Spontaneous Fracture and Migration of a Catheter to the Pulmonary Artery

April 1, 2006

A 50-year-old woman with breast cancer presented for follow-up 2 months after undergoing a left mastectomy and chemotherapy through a port catheter implanted in the right subclavian vein. Because venous access had been difficult to achieve, the catheter was left in situ after treatment.

 

A 50-year-old woman with breast cancer presented for follow-up 2 months after undergoing a left mastectomy and chemotherapy through a port catheter implanted in the right subclavian vein. Because venous access had been difficult to achieve, the catheter was left in situ after treatment.

When examining the patient's chest film, Fadi I. Jabr, MD, of Florence, Ore, noted that the proximal part of the port catheter was in the normal location, but the tip of the catheter (about an 8-cm segment) had embolized into the descending branch of the left pulmonary artery. No metastasis was noted.

The patient was asymptomatic. She denied dyspnea and cough and had no history of chest trauma.

The port catheter system, also called Port-a-Cath, is usually a safe, convenient, and reliable method for venous access in patients with cancer who require prolonged chemotherapy. However, occlusion, infection, hematoma, and leakage can occur.1 Other rare complications include migration, malfunction, fracture, or disconnection of the catheter and pneumothorax.2

Spontaneous fracture and migration of a port catheter to the pulmonary artery have been reported.3 The mechanism of fracture may be related to long-standing compression of the catheter within the narrow space between the rib and clavicle.3 Typically, the catheter may wear off on the medial side because of a scissoring effect associated with free shoulder joint movement. This exerts additional forces on this wearing point and leads to catheter fracture or nip, which appears on a radiograph as a "pinch-off sign." Cannulation of the internal jugular vein instead of the median subclavian vein is one way to avoid a potential fracture.4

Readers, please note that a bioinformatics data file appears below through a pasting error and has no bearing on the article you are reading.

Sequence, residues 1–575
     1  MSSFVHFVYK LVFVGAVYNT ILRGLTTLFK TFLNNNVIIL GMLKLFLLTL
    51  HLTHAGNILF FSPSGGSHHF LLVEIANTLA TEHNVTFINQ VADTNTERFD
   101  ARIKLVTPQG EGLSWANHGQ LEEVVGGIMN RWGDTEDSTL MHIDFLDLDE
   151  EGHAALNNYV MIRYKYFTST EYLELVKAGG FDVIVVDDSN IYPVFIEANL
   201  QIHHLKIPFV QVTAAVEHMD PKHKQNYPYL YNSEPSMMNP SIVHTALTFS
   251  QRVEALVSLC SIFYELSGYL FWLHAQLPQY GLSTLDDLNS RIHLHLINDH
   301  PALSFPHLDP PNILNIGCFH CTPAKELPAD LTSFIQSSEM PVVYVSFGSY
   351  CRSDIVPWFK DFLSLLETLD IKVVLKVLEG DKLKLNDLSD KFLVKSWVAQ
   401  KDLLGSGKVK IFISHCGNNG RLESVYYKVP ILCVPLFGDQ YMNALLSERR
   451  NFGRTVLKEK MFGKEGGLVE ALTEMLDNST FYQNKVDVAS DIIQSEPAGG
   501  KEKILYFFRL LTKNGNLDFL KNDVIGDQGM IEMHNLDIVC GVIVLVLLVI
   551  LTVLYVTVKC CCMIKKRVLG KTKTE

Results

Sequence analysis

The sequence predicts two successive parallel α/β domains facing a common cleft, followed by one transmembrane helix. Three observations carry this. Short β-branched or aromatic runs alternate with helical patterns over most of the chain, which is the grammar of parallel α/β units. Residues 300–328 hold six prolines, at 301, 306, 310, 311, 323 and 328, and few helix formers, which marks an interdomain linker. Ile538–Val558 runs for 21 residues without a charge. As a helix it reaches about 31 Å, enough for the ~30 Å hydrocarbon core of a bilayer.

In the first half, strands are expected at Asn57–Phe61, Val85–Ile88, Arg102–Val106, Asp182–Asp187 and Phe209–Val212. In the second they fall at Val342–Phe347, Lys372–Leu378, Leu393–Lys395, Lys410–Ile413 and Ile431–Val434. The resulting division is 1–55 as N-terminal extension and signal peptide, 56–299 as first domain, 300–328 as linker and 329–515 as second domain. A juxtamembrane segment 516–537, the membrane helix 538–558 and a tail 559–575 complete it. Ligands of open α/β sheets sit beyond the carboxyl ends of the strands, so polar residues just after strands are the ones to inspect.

Removal of an implanted catheter after completion of chemotherapy is recommended. Patients with implanted catheters require close monitoring even in the absence of symptoms. Obtain posteroanterior and lateral chest x-ray films routinely 3 weeks after catheter implantation.

The catheter fragment in this patient was removed successfully with a transvenous snare under fluoroscopic guidance.

References:

REFERENCES:


1.

Strum S, McDermed J, Korn A, Joseph C. Improved methods for venous access: the Port-A-Cath, a totally implanted catheter system.

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1986;4: 596-603.

2.

Kock HJ, Pietsch M, Krause U, et al. Implantable vascular access systems: experience in 1500 patients with totally implanted central venous port systems.

World J Surg.

1998;22:12-16.

3.

Noyen J, Hoorntje J, de Langen Z, et al. Spontaneous fracture of the catheter of a totally implantable venous access port: case report of a rare complication.

J Clin Oncol.

1987;5:1295-1299.

4.

Hou WY, Sun WZ, Chen YA, et al. "Pinch-off sign" and spontaneous fracture of an implanted central venous catheter: report of a case [in Chinese].

J Formos Med Assoc.

1994;93(suppl 1):S65-S69.